Interfaith Alliance president Rabbi Jack Moline issued the following statement in response to Donald Trump’s remarks about Flint, MI pastor Rev. Faith Green Timmons:

If you would like to see a pastor who understands the way a house of worship can host a political candidate, watch Rev. Faith Green Timmons in Flint, MI host Donald Trump, the Republican nominee for President.

And if you would like to see a candidate who does not understand the way to speak in a house of worship, watch Mr. Trump in the same video.

I am willing to believe these two had different notions of what to expect from Mr. Trump’s appearance. Pastor Timmons believed he was coming to meet her congregation, see their accomplishments and share his ideas. Mr. Trump seems to have considered this visit an opportunity to contrast himself with his opponent by denigrating her record and abilities. But Pastor Timmons was right, and what Mr. Trump attempted to do was wrong.

The integrity of the pastor’s position is underscored by the less-reported part of her public encounter with the candidate. She interrupted his criticism of his opponent and put him back on track, true. But she also refused to allow the people in the congregation to heckle the speaker. She insisted on civility, even from those in disagreement.

Mr. Trump, unfortunately, described the encounter as a set-up, something planned to bring the pastor media attention. In an interview, he called her a “nervous mess”.

Candidates can and do visit faith communities to share their ideas and discuss issues, but partisan electioneering, unless in a pre-arranged debate format or consecutive appearances by all legitimate candidates, is entirely inappropriate. That’s the law. Pastor Timmons knows it. Mr. Trump should by now too.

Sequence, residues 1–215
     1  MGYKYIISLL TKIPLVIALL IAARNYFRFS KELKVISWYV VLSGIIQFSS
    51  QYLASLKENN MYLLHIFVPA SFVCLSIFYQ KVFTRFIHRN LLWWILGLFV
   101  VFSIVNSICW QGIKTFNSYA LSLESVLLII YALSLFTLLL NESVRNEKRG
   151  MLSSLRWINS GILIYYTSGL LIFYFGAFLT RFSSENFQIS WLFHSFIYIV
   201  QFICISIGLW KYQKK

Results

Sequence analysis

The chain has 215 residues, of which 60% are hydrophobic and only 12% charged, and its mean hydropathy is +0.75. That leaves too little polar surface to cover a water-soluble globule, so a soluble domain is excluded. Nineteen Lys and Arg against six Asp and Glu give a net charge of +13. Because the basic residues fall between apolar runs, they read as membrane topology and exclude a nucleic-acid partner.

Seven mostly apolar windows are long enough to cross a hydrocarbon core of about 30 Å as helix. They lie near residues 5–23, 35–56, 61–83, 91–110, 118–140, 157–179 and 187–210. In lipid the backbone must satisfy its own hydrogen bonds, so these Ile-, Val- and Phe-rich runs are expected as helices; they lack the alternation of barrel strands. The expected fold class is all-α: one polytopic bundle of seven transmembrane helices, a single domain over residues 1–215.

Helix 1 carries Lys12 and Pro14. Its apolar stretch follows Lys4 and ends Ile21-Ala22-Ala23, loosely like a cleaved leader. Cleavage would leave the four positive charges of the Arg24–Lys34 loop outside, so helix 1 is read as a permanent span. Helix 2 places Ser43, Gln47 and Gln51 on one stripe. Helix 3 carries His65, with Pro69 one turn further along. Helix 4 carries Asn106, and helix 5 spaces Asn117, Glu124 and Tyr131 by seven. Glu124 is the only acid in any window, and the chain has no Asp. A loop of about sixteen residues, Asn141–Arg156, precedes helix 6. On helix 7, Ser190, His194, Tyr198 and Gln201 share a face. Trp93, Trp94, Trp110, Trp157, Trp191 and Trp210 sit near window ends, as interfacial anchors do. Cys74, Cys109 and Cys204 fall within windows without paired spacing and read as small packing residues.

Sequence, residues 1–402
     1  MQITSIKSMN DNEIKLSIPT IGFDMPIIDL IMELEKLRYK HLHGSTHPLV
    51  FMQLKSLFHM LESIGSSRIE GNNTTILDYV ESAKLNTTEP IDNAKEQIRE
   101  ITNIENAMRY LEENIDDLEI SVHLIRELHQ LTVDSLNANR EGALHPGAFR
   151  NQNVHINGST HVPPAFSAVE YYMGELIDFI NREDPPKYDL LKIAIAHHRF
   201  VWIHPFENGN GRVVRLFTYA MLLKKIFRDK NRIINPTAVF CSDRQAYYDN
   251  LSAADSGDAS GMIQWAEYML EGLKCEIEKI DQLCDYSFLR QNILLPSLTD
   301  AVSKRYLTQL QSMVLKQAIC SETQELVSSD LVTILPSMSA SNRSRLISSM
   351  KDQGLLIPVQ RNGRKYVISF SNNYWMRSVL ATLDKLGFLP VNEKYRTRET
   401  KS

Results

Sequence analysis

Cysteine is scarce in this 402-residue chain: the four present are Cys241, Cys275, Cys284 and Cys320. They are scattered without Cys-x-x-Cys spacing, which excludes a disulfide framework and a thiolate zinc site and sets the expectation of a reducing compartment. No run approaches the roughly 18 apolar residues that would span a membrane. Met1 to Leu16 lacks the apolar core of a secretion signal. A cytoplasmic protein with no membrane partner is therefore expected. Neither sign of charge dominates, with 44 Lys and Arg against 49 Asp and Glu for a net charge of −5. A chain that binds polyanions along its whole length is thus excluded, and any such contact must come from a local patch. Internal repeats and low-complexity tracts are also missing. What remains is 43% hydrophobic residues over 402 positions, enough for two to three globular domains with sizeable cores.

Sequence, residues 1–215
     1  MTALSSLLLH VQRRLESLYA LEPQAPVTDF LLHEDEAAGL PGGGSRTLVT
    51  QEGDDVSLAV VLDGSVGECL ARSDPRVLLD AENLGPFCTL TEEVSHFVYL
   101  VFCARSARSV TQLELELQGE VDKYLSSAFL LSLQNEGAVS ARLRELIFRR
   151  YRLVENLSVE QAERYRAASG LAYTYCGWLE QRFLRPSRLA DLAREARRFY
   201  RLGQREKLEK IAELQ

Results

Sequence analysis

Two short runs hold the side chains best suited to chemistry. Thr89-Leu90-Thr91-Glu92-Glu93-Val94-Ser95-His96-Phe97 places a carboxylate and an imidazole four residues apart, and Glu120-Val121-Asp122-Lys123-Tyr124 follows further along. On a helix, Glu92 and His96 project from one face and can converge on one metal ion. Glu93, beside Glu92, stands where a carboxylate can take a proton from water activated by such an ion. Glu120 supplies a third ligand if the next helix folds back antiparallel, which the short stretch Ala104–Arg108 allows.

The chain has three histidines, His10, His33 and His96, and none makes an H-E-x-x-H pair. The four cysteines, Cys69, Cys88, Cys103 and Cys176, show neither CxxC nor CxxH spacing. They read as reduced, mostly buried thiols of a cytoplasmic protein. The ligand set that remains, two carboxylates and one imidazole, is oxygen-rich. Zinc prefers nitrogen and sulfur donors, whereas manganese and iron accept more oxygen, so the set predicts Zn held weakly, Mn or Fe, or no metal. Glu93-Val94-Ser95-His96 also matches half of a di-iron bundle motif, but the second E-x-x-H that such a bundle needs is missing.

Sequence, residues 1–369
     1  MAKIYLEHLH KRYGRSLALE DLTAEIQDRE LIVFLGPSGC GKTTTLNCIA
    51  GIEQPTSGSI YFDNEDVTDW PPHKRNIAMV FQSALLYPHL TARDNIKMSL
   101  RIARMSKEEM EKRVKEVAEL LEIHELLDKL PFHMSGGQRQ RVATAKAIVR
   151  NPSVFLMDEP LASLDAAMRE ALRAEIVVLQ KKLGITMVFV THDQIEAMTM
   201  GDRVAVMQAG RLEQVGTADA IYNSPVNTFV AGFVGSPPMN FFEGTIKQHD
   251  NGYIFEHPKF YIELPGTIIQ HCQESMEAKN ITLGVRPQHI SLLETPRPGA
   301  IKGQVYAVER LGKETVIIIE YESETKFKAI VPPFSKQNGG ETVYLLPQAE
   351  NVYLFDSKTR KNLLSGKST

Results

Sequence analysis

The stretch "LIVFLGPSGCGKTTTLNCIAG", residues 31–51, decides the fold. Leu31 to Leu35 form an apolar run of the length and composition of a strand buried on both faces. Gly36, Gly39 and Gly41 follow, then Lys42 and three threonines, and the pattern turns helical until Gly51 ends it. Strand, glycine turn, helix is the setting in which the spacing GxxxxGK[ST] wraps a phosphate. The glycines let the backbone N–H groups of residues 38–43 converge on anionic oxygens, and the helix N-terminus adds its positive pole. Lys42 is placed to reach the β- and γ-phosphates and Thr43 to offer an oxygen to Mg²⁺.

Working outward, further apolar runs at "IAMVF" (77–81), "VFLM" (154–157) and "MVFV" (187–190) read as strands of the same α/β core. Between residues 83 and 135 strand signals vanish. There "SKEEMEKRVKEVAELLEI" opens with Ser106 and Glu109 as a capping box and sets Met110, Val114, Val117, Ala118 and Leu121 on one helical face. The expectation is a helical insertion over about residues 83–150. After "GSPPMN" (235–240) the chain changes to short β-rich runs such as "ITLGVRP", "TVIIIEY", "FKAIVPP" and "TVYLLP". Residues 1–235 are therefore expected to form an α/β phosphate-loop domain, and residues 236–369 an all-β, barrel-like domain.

Interfaith Alliance is a network of people of diverse faiths and beliefs from across the country working together to build a resilient democracy and fulfill America’s promise of religious freedom and civil rights not just for some, but for all. We mobilize powerful coalitions to challenge Christian nationalism and religious extremism, while fostering a better understanding of the healthy boundaries between religion and government. We advocate at all levels of government for an equitable and just America where the freedoms of belief and religious practice are protected, and where all persons are treated with dignity and have the opportunity to thrive. For more information visit